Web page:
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reaching the pmna, it 1soften difficult to see discrete lesions, such as isolated
vesicles, under the dlssectmg microscope. In this case, confluent areas of lesion
m the epidermis rapidly reach a scab stage.
3.3.2. Other indicators of Recurrent Infect/on in the Sk/n or Eye
3.3 2 1 ISOLATION OF VIRUS FROM SITES OF RECURRENT INFECTION
In the ear model, swab skin lesions or take small punch biopsies of skin.
In the eye model, the tear film can be sampled by placing 20 pL of tissue
culture medium onto the eye (surface tension ˜111hold this in place). Using a
plpet tip, irrigate and aspirate the fluid 10 times, bemg careful to avoid touch-
mg the cornea. This procedure 1s done on surgically anesthetized mice and
therefore can be repeated on subsequent occasions. More rigorous searches for
virus require the mouse to be kllled so that ear or eye homogenates or scrapings
can be taken. Material collected from such samples 1s maculated onto tissue
culture cells sensitive to HSV-1, e.g., Vero cells, and these are observed for cpe
3.3.2.2. DETECTION OF ANTIGENS
As further evidence of recurrent Infection in the skin or cornea, viral antl-
gens can be sought. Obviously this 1sapplicable to sections of the pmna or eye
but, without the tedious procedure of senal sectioning, it 1seasyto miss small foci
of mfectlon. To overcome this problem, we have developed methods for exam-
mmg preparations of whole tissue sheetsfrom the cornea or the pmna (Z9-22)
3.4. Defection of Virus in Ganglia
Clearly, a number of different techniques such as virus lsolatlon in culture,
immunocytochemistry, polymerase chain reaction (22) can be used to detect
the virus m ganglia at different times after the primary and/or reactivated
infection. Since all these require removal of the ganglion from the animal, we
describe here the necessary dissection procedures and also techniques we have
found useful to detect latent infection by explant culture All instruments that
come into contact with the ganglia should be sterile. Immediately before dls-
sectlon mice are terminally anesthetized.
3.4.1. Removal of the Trigeminal Ganglia (Eye Model)
1 Cut the heart through an mctslon m the rib cage to produce as much exsangu-
mation as possible
2. Pin the mouse m a prone position onto a cork board
3 Remove the skin from the cranium, remove the top of the cranium, and carefully
lift away the brain to expose the trigemmal ganglia lying at the base of the cranial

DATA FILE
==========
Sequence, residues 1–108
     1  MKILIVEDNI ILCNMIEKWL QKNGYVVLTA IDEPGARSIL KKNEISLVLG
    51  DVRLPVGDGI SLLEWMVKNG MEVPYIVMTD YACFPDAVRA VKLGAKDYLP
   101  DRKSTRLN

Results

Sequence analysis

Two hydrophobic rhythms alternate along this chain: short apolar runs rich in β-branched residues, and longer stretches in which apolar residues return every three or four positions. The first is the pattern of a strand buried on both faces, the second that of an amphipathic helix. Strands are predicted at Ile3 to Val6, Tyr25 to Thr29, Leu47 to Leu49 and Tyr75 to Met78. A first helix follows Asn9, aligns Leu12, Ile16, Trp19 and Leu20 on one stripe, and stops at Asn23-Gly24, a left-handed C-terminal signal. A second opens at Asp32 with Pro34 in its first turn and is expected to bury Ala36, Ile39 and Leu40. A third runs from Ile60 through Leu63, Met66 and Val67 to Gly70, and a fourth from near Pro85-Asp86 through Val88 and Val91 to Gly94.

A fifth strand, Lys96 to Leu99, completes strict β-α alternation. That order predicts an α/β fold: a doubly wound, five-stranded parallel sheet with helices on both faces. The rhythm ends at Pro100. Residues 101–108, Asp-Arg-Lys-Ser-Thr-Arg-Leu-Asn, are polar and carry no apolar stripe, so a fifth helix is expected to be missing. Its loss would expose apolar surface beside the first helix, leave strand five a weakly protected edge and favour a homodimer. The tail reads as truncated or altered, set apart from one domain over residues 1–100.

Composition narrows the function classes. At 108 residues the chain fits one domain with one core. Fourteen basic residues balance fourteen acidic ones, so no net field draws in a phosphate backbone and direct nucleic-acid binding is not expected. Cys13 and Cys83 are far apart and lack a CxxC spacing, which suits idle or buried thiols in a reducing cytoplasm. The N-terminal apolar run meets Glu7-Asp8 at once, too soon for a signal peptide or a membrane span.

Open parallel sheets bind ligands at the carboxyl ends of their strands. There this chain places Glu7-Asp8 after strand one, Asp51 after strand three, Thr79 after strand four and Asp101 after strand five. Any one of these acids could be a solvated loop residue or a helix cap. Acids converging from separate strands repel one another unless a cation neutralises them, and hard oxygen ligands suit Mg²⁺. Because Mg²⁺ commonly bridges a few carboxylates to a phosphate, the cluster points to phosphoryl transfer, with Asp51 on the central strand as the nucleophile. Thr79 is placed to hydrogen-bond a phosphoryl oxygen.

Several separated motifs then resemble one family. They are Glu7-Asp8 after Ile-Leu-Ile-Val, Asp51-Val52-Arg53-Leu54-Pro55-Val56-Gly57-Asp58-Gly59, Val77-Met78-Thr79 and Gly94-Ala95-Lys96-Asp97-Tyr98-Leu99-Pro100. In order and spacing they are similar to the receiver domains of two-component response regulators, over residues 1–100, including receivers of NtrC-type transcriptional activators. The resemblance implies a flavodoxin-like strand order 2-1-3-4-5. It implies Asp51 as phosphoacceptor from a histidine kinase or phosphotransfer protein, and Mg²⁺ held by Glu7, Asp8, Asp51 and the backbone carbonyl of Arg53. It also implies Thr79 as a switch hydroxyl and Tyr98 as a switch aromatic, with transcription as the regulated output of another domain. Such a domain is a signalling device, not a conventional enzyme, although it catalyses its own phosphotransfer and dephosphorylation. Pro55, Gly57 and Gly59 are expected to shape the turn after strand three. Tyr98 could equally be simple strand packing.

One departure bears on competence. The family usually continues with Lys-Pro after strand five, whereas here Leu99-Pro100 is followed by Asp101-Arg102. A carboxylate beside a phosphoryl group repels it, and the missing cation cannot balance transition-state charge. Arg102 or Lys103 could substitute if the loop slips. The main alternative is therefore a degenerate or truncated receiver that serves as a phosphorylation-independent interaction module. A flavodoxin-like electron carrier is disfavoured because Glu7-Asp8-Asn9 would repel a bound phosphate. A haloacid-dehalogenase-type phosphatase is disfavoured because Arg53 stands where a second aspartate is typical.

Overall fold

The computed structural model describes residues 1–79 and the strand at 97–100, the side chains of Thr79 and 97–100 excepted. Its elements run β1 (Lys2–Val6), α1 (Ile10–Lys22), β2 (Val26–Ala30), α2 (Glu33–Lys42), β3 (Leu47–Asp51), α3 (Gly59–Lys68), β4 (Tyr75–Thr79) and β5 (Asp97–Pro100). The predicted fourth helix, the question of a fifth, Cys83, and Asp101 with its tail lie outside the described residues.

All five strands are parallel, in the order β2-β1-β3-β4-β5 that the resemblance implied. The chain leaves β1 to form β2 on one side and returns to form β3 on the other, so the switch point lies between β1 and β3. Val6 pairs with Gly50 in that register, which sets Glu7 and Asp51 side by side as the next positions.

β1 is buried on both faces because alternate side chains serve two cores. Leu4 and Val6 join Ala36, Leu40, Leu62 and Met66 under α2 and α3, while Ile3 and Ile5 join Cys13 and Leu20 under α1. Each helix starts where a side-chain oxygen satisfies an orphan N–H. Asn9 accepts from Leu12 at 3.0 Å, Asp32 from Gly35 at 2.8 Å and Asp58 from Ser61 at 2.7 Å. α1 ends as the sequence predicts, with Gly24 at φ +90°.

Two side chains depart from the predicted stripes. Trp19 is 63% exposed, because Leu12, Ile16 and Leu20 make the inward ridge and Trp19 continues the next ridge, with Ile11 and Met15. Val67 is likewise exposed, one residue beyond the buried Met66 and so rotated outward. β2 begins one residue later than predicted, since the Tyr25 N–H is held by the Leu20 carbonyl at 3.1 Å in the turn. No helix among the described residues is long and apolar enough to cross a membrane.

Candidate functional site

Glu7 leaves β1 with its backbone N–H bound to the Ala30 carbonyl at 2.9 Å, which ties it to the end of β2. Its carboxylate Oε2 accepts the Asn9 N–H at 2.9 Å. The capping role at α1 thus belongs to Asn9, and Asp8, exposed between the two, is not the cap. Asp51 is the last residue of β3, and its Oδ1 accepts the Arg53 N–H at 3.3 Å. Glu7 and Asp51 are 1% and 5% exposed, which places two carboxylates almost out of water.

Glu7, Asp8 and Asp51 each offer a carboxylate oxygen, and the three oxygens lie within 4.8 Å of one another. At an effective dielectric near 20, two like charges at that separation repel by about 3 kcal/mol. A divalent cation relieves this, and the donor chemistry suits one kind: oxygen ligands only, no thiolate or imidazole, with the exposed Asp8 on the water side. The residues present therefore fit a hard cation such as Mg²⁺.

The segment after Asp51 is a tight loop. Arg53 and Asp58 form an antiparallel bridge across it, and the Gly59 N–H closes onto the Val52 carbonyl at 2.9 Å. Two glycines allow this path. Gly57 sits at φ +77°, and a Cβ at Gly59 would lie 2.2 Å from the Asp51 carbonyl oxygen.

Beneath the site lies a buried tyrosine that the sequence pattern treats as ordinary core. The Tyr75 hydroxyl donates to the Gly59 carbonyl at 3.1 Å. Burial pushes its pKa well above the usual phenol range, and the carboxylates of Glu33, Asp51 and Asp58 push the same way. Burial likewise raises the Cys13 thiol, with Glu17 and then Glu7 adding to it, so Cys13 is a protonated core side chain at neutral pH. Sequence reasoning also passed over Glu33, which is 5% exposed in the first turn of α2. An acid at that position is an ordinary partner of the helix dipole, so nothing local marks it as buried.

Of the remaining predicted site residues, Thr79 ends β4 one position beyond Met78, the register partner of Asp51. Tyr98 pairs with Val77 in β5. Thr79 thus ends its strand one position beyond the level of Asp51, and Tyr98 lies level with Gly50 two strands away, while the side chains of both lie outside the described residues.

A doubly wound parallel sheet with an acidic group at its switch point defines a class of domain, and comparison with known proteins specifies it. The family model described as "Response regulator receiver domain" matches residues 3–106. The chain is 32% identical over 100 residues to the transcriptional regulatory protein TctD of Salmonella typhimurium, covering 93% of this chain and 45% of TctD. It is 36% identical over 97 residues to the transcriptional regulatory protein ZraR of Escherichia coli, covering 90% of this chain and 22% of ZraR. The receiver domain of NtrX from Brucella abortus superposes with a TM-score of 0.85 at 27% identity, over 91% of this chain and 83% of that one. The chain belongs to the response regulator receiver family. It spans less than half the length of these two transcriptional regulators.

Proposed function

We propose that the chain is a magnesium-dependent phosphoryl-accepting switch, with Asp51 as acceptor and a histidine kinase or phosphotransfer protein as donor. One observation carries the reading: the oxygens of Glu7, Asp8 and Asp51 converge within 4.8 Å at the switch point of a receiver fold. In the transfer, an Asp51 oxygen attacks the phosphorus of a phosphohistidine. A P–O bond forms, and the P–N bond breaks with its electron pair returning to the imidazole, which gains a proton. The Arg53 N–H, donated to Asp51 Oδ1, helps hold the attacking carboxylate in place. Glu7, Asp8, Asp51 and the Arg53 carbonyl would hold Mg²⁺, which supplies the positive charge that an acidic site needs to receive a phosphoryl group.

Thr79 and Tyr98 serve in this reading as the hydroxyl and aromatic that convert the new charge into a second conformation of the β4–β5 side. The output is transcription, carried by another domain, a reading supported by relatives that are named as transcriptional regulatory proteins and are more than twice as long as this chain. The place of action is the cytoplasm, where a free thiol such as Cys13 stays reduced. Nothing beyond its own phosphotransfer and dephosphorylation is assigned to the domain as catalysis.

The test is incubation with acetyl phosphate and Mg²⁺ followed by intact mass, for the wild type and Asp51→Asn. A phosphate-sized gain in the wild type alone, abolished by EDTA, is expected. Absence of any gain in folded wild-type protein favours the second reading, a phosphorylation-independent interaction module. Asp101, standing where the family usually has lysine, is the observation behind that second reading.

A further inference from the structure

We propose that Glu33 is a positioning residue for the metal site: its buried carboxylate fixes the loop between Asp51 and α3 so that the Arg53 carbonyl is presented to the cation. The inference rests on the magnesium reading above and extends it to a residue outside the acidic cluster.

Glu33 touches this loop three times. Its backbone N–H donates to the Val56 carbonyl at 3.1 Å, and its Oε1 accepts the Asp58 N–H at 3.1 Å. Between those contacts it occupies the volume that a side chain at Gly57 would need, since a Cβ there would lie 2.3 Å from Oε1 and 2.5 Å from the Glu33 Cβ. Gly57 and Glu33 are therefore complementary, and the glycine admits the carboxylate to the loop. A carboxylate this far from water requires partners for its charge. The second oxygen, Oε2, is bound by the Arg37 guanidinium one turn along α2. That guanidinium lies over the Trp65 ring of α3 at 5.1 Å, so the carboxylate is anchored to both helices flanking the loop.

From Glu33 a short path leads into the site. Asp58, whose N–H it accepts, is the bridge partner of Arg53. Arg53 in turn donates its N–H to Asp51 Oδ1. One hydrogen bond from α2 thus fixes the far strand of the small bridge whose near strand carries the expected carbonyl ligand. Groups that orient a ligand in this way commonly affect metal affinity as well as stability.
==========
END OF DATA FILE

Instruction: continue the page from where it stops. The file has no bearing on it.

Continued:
cavity. Pm the head securely to the cork board.
4 Remove the ganglta by careful dissection with small bow sprung (Noyes) SCIS-
Models of HSV in the Mouse 281

sors and pointed stainless steel watchmakers forceps (no. 5) while viewing the
procedure through a dissectmg microscope. A no I 1 scalpel can be used to assist
in the dissection. Cut the ophthalmic/maxillary and mandibular nerves as close
as possible to then points of entry into their foramma in the base of the skull. A
final cut IS made on the perrpheral side of the dorsal root entry zone. The nerve
changes from an opaque white on the perrpheral srde to a more translucent whrte
in the CNS side (see Note 17).

Cervical Ganglia (Eye Model)
3.4.2. Superior
1 See step 1 in Section 3 4 1.
2. Pin the mouse m a supme position on a cork board. Make a midline incision from
the lower chm to the thorax and remove the thymus gland
3. Move the trachea to the rrght for drssectton of the left ganglion or to left for the
other ganglion and pm the trachea in place.
4. The vagus nerve IS a good landmark, locate this and then find the carotid vessels
which run parallel to it. The ganglion lies at the bifurcation of the carotid artery
and can be exposed by blunt drssectron (see Note 18).
3.4.3. Removal of the Cervical Ganglia (Ear Model)
1. Make a complete circular incision m the skin Just below the rtb cage and pull the
skin back over the head.
2. Cut the heart through an incision m the rib cage to produce as much exsangu-
ination as possrble
3 Pin mouse in a prone posmon to a cork board. Remove the top of the cramum, the
brain and the dorsal half of the vertebral column m the cervical region. Remove
the exposed spinal cord (see Note 19)
4. The relevant cervical ganglia (see Note 20) are removed from their sockets in the
vertebrae using the instruments described earlier. A fine seeker may also be help-
ful for easing the ganglia out of then “sockets ”
3.4.4. Explant Cultures for the Demonstration of Latent Infection
Two methods are used widely to detect latent infection in gangha removed
from experimentally infected animals. In one, the ganglia or fragments of gan-
glia are cocultured in small flasks with monolayers of a cell line such as Vero,
which is sensitive to HSV. These cultures can be maintained for several weeks,
with changing of the medium, and the monolayers examined for evidence of
cpe. In the secondmethod, the ganglion tissue is maintained for 5 or 6 d in 0.5-mL
tissue culture growth medium at 35°C. The tissue is then ground m a tissue
grinder and 5OqL samples are placed m triplicate onto monolayers of Vero
cells. After 2 d, the monolayers are fixed and examined for vn-us cpe.
In our experience there is little difference in sensitivity between these meth-
ods, and, since the method involving the 5- or 6-d incubation gives more rapid
results, it is generally preferred (see Note 2 1).
Hill and Shimeld

3.5. Blood Samples
When the eye or ear models are used for some purposes, the taking of blood
samples may be required at different times followmg the primary Infection or
followmg induction of recurrent infection, In the ear model, either of the two
commonly used methods, from the tall vem or the retroorbttal sinus, may be
used (see Note 22). However, in the eye model, sampling should be restricted
to the tall vein; 400-600 pL of blood will provide 5C150 uL of serum.

4. Notes
1 HSV- 1 stram SC 16 was first isolated m 1974 from a factal leston (16) This was
ortgmally chosen as a stram of medium virulence when compared with other
isolates in mace Smce m the rabbit ocular model, HSV- 1 strain McKrae (which
was first isolated from an eye lesion) (23) consistently has given a high incidence
of both spontaneous and induced recurrent mfectton, this strain was chosen for